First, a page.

The loudest and perhaps one of the most melodic, the common true katydid is also one of the few that sings out “ka-ty-did,” in a rising and falling chorus with variations across its range. Here in the Southeast, its song is composed of three to five pulses delivered rapidly, which together sound like a brief rattle. When lots of males are singing in the same location, they organize into two groups, each singing alternately but in synch with the other rhythmically. The resulting call and answer can sound like a friendly argument about Katy’s guilt: “ka-ty-did,” “ka-ty-did-n’t,” and so on through the night. Together, Elliott and Hershberger write, their songs can produce a “resounding pulsation of sound that can overwhelm the listener.” (See the sidebar on the loudest katydid species.)
Singing from high in the trees, particularly oaks, the common true katydid doesn’t fly and so is seldom seen. Closer to the ground, I often hear and see the “false” oblong-winged katydid (Amblycorypha oblongifolia). Rather than singing its name, it delivers a buzzy zeee-dik every few seconds. One sang under my bedroom window all summer on year, and the intermittent zee-dik was far from the lullaby the common true katydid delivers. While the eastern katydid is “built like a tank,” as Elliott and Hershberger put it, most katydids, including the oblong-wing, are slender.
With bodies measuring up to three inches here in North America, katydids present a huge, protein-rich meal for a wide variety of predators. The only defense these orthopterans have is blending in with their surroundings. Most eat green foliage, so are a lovely bright green with leaf-like veins in their wings. Some have intricate, if subtle, designs on their bodies that add to their beauty.
Philosopher and jazz musician David Rothenberg, in his book “Bug Music,” takes a fascinating journey into “how insects gave us rhythm and noise,” as the book is subtitled. “They are always there,” he writes, “singing behind everything else in the forest. Are they then the background to human life, grounding our music, or have they a clear part in our music? When we hear them synchronize with our shaman beats, we want to smile, because we believe we belong.”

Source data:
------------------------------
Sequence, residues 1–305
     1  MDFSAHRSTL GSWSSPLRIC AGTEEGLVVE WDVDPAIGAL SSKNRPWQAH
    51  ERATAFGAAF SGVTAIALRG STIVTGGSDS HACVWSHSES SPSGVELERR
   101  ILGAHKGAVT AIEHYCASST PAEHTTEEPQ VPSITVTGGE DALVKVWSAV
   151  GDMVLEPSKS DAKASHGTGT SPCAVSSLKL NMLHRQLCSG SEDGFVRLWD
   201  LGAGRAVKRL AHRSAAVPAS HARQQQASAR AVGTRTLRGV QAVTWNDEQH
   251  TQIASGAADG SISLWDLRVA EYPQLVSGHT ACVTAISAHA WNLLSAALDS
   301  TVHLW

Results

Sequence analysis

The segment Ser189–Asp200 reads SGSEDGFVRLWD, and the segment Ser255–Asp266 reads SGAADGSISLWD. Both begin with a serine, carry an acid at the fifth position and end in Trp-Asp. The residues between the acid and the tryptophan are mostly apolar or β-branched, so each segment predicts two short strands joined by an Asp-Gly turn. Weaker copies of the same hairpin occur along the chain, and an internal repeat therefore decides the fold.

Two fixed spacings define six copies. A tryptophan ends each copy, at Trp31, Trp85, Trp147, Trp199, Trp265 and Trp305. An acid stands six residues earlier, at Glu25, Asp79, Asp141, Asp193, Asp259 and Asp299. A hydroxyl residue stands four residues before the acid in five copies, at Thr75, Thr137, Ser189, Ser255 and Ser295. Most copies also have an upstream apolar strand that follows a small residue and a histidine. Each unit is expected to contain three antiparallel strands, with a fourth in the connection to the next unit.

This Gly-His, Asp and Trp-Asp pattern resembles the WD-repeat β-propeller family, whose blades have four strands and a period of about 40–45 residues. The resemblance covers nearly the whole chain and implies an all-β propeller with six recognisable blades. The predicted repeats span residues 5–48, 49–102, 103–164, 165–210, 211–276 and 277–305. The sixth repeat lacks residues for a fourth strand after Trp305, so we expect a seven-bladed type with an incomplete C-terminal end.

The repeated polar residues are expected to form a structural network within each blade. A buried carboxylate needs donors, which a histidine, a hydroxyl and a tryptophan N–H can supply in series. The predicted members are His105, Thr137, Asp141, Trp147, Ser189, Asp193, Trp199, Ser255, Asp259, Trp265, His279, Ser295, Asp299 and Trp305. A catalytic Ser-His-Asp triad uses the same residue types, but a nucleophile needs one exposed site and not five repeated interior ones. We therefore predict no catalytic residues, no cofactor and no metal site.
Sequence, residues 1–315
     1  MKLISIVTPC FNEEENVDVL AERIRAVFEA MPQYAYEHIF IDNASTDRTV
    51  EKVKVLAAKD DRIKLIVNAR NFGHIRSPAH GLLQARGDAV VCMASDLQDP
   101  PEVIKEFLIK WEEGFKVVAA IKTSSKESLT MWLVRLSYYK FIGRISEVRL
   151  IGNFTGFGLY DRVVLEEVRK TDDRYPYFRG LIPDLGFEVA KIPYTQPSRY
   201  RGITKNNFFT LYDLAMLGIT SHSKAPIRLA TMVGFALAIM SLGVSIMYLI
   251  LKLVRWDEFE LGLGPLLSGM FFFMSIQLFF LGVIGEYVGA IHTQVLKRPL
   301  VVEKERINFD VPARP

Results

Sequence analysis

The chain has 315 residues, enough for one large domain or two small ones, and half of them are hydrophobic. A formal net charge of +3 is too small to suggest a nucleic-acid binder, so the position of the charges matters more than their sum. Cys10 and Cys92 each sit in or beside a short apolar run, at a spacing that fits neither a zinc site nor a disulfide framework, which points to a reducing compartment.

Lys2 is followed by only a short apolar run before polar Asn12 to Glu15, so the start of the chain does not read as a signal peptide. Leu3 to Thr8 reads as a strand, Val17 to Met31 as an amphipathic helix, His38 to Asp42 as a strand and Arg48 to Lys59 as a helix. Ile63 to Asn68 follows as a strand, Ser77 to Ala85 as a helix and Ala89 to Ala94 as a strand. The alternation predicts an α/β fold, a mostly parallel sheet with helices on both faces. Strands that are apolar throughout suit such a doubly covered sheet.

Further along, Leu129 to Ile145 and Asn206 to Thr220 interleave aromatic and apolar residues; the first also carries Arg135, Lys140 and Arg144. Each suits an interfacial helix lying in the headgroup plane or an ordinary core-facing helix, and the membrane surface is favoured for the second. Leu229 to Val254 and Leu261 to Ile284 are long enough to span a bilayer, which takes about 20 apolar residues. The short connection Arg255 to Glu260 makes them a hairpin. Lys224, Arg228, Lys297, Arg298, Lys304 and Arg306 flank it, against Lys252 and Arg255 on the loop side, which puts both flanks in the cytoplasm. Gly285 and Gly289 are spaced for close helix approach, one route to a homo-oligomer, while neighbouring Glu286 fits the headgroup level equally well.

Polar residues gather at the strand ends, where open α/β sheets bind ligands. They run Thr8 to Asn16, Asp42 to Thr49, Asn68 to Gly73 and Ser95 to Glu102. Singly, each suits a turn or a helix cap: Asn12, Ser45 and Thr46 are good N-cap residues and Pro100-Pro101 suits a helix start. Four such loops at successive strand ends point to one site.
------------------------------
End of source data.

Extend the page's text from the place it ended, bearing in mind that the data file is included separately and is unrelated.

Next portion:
Temperature affects the rate and pitch of the katydids’ singing. In the middle of the night, the pulsing song of the common true katydid can become a slow, low-pitch chant as temperatures fall. With days shortening in autumn, I often hear this katydid singing high in the Blue Ridge Mountains in the middle of the day, taking its last shot at breeding. Hearing its song then is bittersweet, for it’s a sign of the winter to come, when the chorus of insects falls silent.
© 2018 Pam Owen
Listening to bug music
To hear the sounds of singing insects, go online to “Songs of Insects” or the Macaulay Library. The books “Bug Music,” “The Songs of Insects” (with CD) and “Broadsides from the Other Orders” are available at the Rappahannock County Public Library.
Loudest insect in North America?
In the far western reaches in Virginia and throughout the Midwest resides what is thought to be the loudest insect in North America, the robust conehead katydid (Neoconocephalus robustus). It is so loud that “at close range, it becomes painful to listen to,” Elliott and Hershberger write. “One would think that the insect would burst into flames from the friction produced in creating such an intense song.”
The robust conehead also has the fastest stridulatory wing-stroke rate of any katydid — 208 cycles of wing movement per second, according to University of Florida entomologist Thomas J. Walker In the right conditions, it can be heard from more than 1,500 feet away.